Second, to measure GF it was necessary to refine the
standard RILEM recommendation [2] by taking into
account the improvements reported [4-6] where weight
compensation was used. To determine the abscissa of the
centroid of the area of the softening curve, careful
measurements of the tail of the load-displacement curve
are needed, for which purpose weight compensation is
essential. Finally, to find w 1, several specimen sizes have

G u i n e a , Planas a n d Elices
to be tested to check that they are inside the interval
where the linear approximation for the softening function
suffices. This is automatically confirmed if the experimental size-effect results lie on a curve obtained by
horizontally shifting the master curve in Fig. 4. In
addition, it is possible to check this point by computation
once the softening function is obtained. Indeed, running
the calculation using a linear softening function with
intercept w~, it is enough to check that for the largest
size the peak load occurs before the opening at the notch
tip reaches the kink point value.
To sum up, this novel procedure allows the determination of a four-parameter bilinear softening function from
tests on notched beams. These tests are easy to perform,
and the proposed softening function (GBF) has proved
to be a useful tool for modelling cohesive materials since
not only can it reproduce peak values but also it is in good
agreement with far post-peak experimental results. This
is an advantage when large sizes are considered, and may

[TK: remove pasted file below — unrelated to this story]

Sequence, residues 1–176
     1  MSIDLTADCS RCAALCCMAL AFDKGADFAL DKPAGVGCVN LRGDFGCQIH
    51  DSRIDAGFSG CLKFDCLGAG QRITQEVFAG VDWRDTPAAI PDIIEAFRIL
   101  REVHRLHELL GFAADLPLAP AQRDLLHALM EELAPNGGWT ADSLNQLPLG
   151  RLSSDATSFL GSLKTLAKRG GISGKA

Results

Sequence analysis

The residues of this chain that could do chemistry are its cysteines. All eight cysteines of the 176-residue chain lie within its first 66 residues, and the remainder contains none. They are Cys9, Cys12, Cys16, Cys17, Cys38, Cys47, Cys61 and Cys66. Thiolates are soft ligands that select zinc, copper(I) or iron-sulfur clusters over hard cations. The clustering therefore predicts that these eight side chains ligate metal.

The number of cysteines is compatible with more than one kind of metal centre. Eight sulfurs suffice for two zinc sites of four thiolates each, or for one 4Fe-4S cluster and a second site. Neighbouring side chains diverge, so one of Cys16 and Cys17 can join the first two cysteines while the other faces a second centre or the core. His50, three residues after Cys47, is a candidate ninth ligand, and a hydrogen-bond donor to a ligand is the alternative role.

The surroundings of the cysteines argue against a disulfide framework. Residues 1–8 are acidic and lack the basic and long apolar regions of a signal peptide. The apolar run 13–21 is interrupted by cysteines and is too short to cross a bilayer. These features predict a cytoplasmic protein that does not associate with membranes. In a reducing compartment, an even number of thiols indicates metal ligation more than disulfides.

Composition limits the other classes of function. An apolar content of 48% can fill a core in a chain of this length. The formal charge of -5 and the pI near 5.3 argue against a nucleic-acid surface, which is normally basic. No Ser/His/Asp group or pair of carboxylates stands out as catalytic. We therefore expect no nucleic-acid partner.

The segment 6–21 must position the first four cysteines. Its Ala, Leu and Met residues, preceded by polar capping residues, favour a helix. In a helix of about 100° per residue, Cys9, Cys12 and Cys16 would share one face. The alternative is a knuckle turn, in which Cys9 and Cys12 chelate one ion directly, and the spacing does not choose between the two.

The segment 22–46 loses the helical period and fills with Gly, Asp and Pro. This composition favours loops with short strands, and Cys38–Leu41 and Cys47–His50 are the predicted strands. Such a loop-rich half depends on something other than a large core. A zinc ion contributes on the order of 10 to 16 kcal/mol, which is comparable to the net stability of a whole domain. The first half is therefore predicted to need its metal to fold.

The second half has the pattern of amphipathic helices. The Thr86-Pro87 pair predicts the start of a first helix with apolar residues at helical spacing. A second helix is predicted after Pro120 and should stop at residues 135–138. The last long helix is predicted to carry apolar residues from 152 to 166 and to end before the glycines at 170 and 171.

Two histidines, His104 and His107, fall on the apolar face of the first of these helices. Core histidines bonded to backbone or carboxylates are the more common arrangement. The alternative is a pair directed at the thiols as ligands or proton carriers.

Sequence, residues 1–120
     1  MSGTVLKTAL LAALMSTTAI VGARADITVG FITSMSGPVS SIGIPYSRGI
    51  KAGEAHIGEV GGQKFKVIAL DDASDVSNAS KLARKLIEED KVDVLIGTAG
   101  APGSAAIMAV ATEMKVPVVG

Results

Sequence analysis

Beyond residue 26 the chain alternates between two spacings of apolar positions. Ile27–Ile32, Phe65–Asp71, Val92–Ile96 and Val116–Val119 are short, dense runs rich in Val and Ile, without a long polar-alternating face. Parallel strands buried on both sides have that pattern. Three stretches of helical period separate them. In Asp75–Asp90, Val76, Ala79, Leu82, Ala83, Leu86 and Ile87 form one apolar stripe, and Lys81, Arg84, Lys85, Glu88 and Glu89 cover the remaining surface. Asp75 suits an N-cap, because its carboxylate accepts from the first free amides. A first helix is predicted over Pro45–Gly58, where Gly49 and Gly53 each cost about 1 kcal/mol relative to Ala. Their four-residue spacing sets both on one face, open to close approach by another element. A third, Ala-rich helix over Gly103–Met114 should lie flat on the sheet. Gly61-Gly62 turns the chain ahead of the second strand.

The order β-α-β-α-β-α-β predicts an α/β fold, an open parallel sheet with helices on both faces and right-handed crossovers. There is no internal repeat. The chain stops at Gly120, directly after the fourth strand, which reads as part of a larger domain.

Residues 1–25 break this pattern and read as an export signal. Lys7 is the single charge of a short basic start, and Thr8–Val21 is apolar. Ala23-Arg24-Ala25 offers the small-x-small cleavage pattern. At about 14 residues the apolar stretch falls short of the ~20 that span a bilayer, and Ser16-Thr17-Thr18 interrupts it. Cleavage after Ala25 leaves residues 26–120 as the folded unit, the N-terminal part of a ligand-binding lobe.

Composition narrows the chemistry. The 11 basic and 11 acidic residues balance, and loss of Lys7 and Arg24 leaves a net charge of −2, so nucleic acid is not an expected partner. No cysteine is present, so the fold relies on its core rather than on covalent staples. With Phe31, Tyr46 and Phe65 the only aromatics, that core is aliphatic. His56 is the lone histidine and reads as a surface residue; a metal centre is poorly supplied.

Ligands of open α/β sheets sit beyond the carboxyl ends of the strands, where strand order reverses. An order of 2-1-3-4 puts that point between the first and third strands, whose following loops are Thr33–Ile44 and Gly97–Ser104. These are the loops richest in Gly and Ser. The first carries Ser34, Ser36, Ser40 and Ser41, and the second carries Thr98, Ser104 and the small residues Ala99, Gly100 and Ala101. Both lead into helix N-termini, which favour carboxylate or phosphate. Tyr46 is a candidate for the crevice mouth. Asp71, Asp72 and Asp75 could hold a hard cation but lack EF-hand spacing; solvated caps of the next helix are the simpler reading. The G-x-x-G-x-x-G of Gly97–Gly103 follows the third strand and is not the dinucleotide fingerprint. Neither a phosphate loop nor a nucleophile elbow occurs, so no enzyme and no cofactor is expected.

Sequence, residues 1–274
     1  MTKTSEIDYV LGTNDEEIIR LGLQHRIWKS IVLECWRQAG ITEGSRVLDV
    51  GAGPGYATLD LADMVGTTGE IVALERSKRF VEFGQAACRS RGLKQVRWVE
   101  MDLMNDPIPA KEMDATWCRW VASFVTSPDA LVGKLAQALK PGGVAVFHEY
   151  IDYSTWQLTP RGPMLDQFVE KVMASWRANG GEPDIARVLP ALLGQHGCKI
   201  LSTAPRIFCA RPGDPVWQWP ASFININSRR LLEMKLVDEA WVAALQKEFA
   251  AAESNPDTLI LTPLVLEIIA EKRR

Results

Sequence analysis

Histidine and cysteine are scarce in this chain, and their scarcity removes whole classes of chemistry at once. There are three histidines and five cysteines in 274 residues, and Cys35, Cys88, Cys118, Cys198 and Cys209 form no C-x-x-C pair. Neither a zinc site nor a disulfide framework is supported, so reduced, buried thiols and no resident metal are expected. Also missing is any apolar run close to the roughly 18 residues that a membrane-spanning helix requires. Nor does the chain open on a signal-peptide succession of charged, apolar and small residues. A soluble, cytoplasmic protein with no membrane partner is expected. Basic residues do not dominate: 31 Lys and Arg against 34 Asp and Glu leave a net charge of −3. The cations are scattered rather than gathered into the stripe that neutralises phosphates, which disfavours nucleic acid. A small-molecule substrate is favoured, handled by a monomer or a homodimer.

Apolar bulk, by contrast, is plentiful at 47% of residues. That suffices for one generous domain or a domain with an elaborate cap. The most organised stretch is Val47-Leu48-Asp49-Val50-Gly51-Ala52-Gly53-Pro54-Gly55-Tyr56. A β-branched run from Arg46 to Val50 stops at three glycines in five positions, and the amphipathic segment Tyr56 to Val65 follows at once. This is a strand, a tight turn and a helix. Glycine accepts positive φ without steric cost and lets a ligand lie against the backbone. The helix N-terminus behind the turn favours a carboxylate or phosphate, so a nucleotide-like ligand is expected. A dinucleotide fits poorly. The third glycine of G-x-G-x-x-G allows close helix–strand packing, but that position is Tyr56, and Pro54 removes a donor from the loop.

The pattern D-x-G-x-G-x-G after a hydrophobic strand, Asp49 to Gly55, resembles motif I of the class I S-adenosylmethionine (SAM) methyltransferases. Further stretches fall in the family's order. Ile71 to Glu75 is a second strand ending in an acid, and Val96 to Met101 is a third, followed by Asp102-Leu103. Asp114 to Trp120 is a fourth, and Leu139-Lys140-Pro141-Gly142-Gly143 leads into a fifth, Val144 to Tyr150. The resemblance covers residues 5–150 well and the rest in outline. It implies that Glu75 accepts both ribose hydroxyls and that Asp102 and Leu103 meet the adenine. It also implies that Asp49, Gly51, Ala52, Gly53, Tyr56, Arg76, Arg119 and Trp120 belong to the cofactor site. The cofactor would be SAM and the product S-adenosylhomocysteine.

be essential when pull-out of aggregates or fibres leads
to very long-tailed softening diagrams.
ACKNOWLEDGEMENTS
The authors acknowledge financial support for this
research from Direccidn General de Investigaci6n
Cientifica T6cnica, DGICYT, Spain, under Grant Nos.
PB90-0276 and MATg0-1153-E.
APPENDIX
The explicit expressions for bilinear softening as a
function of the four parameters ( f , Gr, # and wl) are
the following:
a =

1-

for 0 < w _< wk

a = ak

for Wk < w _ Wo

a=0

for w > w~

where (~k, Wk) are the coordinates of the kink point, given
by
Wk = wl

we - 2(GF/ft)
W c --

ak = f

W 1

2(Gv/f)
Wc

--

- wl
W 1

and we the critical opening, obtained from the quadratic


equation
6~(GF/f)
W 2

__

-- 2 w , ( G F / f )

W e

2(GF/f)

-- Wl

6~wl(GF/f)

-- 4 w l ( G v / f )

2(GF/f~) -- W~

=0

REFERENCES
1. Hillerborg, A., Mod6er, M. and Petersson, P. E., 'Analysis
of crack formation and crack growth in concrete by

Materials and Structures

105

means of fracture mechanics and finite elements', Cem.


Concr. Res. 6 (1976) 773-782.